Fluidity + Accuracy = Fluency
When tutors assess ELL students (English Language Learners)*, we often say he or she is “fluent in a language.” We do not expect fluent ELL students to make structural, grammatical or pronunciation errors. We expect them to be familiar with and know how to use local slang and expressions. Fluency is defined as “the ability to speak or write a foreign language easily and accurately”1 by the Oxford Dictionary.
Furthermore, linguists often make a distinction between fluidity and accuracy. To be fluent is to speak with fluidity and accuracy. Fluidity, as defined by the Oxford Dictionary, is “the ability of a substance to flow easily.” (https://en.oxforddictionaries.com/definition/fluidity) In language, it means that one speaks without many pauses to define words. Accuracy, also defined by the Oxford Dictionary is “quality or state of being correct or precise.” You can speak and write with fluidity and convey information well, but your language can be full of grammar and structural errors. In other words, you may be fluid but not accurate…or vice versa. Some may take a long time to form sentences, mulling the language over in their heads, but when they finally do speak, they speak with accuracy.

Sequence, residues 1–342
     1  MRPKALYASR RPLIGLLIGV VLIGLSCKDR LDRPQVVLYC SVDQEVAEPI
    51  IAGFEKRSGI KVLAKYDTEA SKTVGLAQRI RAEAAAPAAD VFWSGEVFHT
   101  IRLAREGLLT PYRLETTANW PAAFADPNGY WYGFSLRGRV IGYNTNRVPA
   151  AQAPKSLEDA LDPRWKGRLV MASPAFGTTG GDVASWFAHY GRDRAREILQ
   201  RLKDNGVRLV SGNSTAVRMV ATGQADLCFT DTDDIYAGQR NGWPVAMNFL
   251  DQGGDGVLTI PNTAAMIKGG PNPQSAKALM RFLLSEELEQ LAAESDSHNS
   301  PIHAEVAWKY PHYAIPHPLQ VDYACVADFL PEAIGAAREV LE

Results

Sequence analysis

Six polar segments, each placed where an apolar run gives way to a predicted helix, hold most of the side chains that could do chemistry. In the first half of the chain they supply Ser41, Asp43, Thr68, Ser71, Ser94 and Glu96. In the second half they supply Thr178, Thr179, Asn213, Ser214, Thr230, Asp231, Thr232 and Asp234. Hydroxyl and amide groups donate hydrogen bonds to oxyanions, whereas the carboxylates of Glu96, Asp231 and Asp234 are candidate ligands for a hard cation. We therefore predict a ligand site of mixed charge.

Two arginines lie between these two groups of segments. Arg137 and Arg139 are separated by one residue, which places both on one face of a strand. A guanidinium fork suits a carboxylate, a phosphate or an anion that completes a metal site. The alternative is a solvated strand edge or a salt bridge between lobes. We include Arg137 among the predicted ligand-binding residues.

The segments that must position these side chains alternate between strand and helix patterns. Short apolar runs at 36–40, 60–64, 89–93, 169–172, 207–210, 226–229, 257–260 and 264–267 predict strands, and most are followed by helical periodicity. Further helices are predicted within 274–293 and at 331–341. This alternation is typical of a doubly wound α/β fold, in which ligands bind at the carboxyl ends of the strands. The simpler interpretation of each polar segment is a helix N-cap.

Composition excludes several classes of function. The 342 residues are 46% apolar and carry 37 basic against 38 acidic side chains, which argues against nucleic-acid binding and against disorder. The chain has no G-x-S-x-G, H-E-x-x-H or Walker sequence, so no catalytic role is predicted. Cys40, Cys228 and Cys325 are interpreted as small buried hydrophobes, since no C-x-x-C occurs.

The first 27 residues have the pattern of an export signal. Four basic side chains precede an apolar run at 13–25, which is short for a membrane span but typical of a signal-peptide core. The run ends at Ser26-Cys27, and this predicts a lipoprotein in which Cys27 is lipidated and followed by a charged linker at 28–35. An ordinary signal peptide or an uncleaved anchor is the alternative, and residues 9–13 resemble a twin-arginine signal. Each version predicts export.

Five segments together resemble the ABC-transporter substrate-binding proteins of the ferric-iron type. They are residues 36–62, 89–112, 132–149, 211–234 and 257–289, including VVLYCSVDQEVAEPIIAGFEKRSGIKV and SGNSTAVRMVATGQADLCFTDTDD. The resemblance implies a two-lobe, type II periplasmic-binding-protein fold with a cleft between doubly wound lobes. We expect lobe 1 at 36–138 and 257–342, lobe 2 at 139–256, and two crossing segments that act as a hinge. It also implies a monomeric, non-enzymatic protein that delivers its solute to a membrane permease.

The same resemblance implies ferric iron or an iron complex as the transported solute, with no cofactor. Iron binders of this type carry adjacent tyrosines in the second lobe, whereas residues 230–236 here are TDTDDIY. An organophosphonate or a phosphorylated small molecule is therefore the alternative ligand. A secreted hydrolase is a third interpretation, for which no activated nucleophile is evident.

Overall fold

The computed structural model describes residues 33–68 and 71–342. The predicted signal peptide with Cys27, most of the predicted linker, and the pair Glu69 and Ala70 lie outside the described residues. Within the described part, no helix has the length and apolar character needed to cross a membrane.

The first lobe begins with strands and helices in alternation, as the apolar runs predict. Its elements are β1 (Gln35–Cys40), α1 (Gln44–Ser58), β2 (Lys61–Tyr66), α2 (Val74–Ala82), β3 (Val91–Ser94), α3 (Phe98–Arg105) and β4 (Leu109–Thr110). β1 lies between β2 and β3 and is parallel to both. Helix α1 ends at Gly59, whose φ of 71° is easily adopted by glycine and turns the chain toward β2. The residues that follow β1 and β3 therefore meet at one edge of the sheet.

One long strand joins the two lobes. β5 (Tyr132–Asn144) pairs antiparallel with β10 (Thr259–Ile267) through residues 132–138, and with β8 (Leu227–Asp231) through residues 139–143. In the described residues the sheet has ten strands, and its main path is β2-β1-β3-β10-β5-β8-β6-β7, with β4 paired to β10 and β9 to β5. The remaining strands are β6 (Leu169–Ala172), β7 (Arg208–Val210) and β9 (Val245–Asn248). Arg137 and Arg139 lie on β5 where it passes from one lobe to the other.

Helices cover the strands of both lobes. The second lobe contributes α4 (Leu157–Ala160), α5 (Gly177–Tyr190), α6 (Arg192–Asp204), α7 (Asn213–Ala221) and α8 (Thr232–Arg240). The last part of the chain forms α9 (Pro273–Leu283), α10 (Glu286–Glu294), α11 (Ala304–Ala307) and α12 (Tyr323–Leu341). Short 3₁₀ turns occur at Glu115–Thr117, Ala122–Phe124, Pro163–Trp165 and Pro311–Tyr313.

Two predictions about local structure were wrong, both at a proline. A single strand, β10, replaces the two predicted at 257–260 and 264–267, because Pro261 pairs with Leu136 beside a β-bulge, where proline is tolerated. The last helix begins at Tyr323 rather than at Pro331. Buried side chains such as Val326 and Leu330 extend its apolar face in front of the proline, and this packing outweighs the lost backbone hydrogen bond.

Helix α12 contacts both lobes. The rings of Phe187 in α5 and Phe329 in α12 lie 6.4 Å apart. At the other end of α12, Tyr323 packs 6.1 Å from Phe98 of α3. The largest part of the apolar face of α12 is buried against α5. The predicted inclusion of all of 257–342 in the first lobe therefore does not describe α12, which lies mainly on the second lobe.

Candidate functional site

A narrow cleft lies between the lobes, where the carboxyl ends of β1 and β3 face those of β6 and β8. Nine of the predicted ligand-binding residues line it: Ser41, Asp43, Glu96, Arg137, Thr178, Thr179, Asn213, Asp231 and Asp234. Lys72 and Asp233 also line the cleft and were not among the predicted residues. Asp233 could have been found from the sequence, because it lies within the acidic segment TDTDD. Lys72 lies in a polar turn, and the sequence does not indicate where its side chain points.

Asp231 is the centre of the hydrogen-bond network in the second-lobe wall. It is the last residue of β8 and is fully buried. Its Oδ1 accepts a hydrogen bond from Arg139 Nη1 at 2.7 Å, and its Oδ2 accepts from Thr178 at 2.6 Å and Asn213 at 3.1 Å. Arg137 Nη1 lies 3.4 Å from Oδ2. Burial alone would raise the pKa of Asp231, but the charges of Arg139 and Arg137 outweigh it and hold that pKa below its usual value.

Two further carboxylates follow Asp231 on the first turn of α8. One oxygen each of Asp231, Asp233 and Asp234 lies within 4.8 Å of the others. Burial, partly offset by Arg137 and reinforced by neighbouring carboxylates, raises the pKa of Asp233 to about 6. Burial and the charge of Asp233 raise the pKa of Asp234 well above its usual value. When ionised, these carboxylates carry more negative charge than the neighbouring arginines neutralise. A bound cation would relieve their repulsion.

To be considered fluent, ELL students must master both fluidity and accuracy.
How BICS and CALPS Aid in Assessing ELL Students
Leading ESL expert, Dr. Jim Cummins, came up with a theory to understand and aid in assessing ELL students’ fluency: BICS and CALP.4 BICS (Basic Interpersonal Communication Skills) means a student has mastered conversational skills in a target language. For example, you can speak on the phone, order food in a restaurant, introduce yourself and express your basic needs. Often, when a student communicates very well with others, people assume he is fluent in the language. However, everyday language requires fewer cognitive skills when compared to the skills needed for comprehending and producing academic language. CALP (Cognitive Academic Language Proficiency) describes a person’s ability to use the language in an academic setting. Examples of academic skills include categorizing, analyzing, and evaluating. They go beyond mere memorization.